I had great respect for my father as a professional man of demonstrable achievement. I admired the affection he commanded from his friends, but he was never comfortable with the members of his own family, me, his only son, in particular. When he lay dying in 1997, a friend, who knew us both well, worried that Dad would die without our resolving 'our issues." Sadly, her fears were realized. Thereafter, a father-son reconciliation could be accomplished only through grieving acts of memory and the grace of yearning. That's the exact story arc of Tucker's film.
Based on the memoir by Blake Morrison and benefiting from an artful and heartfelt screenplay by David Nichols, When Did You Last See Your Father? is the story of award-winning poet Morrison's tortured relationship with his country-doctor father, Arthur (Jim Broadbent). Blake (Colin Firth) is the happily married father of two when he learns that Arthur is quickly slipping away due to cancer. As he sits vigil at his father's bedside, he craves a healing exchange. But his father has little strength and few lucid moments, and Blake is left adrift in the past.
The Arthur we meet in Blake's memory is loud, opinionated, boastful and headstrong. Arthur is a vicious tease, never quite sensing when his verbal roughhousing has gone too far. Though he doesn't seem to intend to wound when he does it, Arthur has an ugly habit of calling his son, 'fathead." He is not a man who can easily admit to being wrong. He twists his own acts of stubbornness and stupidity in order to disparage his son's lack of toughness in the face of adversity. Arthur is the kind of father who must not only best his son at every competition but rub Blake's nose in defeat after the contest is decided. Arthur is also not the most faithful of husbands. Save for the fact that she obviously loves him, we are never clear why Blake's mother Kim (Juliet Stevenson) puts up with Arthur's apparently endless series of infidelities, including a long-term relationship with a woman (Sarah Lancashire) who has perhaps borne him a child. Most damning, Arthur incessantly disparages Blake's decision to pursue a career in writing. He belittles Blake's potential earning power and scoffs at the importance of Blake's literary prizes.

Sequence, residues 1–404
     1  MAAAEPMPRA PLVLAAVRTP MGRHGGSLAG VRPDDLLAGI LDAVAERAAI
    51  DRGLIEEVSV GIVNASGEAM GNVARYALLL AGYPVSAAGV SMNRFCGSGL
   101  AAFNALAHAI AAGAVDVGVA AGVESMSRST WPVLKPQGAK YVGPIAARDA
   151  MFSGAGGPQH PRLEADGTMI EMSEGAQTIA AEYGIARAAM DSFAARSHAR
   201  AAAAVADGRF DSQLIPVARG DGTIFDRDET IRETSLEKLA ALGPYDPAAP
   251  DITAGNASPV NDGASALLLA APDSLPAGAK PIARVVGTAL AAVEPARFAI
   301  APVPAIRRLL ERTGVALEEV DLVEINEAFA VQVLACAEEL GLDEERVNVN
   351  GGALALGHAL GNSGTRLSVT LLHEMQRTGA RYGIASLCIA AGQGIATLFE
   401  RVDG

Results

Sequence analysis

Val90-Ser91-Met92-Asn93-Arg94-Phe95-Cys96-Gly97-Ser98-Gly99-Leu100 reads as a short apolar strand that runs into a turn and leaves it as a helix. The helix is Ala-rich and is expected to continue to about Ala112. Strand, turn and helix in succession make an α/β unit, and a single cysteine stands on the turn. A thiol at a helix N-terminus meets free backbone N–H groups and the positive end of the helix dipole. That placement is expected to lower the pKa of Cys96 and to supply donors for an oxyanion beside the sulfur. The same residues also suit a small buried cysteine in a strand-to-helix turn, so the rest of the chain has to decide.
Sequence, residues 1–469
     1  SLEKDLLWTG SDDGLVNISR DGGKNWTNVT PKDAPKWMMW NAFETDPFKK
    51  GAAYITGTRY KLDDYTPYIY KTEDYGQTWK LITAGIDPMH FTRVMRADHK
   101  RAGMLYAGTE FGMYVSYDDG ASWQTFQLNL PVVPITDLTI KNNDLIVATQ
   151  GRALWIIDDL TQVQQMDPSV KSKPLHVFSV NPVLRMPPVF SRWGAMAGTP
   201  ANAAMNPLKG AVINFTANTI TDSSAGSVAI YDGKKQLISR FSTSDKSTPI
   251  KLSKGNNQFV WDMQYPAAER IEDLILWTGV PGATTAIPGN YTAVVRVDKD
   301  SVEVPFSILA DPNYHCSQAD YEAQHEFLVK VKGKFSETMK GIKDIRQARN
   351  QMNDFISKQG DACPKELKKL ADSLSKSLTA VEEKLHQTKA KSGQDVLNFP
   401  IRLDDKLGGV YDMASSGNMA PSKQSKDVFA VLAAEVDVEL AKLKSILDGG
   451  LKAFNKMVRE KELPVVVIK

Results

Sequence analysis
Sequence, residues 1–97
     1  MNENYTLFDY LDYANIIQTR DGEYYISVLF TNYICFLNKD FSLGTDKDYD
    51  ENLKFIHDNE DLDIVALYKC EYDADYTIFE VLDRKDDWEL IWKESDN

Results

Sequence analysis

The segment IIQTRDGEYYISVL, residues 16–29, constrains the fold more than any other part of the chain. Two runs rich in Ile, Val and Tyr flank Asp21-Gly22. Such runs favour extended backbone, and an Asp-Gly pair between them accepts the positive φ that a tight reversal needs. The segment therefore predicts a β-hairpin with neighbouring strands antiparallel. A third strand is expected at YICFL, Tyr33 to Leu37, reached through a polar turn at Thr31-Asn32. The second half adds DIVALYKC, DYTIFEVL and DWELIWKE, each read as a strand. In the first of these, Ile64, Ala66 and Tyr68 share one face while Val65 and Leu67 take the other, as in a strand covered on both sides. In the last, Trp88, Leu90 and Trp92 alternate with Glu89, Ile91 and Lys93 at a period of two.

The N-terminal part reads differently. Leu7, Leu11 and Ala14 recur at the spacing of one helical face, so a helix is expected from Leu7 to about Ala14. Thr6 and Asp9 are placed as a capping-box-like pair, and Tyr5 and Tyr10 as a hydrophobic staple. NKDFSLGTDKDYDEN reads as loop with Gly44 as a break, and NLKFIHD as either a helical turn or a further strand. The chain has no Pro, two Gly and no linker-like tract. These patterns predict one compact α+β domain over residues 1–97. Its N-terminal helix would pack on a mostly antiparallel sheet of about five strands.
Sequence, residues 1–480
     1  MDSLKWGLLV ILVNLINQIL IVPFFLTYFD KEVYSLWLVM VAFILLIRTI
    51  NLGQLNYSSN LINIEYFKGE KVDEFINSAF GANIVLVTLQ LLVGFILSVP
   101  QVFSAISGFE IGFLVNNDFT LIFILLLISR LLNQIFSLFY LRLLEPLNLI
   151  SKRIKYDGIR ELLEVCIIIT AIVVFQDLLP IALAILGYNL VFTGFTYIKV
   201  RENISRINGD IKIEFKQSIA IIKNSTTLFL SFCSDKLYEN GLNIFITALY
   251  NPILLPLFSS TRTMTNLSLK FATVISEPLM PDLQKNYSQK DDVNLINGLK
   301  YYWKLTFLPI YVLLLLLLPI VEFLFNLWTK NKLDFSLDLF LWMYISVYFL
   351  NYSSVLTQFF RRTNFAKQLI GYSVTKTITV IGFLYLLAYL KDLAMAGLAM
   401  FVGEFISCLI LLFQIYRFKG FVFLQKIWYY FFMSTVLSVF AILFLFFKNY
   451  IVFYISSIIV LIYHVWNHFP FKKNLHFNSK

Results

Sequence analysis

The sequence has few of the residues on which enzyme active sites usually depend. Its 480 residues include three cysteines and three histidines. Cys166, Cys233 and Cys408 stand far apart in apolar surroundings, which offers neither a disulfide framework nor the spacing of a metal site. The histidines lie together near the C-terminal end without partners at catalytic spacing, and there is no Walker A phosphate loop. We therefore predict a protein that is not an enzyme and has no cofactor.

In short, the Arthur that Blake remembers is annoying and worse. The trick for the filmmakers is somehow to find a way to save Arthur " for his own sake, but more importantly, for the sake of his son. They do this by accretion. First, Blake is not without failings himself. Arthur, meanwhile, is clumsy and insensitive, but he's never purposely cruel. He teases too harshly, but he's not physically abusive. And though he's frequently aggravating, he does seem to enjoy spending time with Blake. The event may be a disaster, but they do go camping. They do play miniature golf. Arthur does teach Blake to drive.
In sum, though it takes the occasion of his dad's dying for Blake to understand, Arthur is at least an average father, maybe better than that. He has his failings, for sure. But he doesn't fail for lack of devotion. Arthur loves Blake, and he tells his son so. And in this Blake is more fortunate than he long comprehends. Even as my dad lay dying, I ached to hear him finally say, 'I love you, son." He would have, I believe, had he had the strength at the end, had he lasted just a little longer.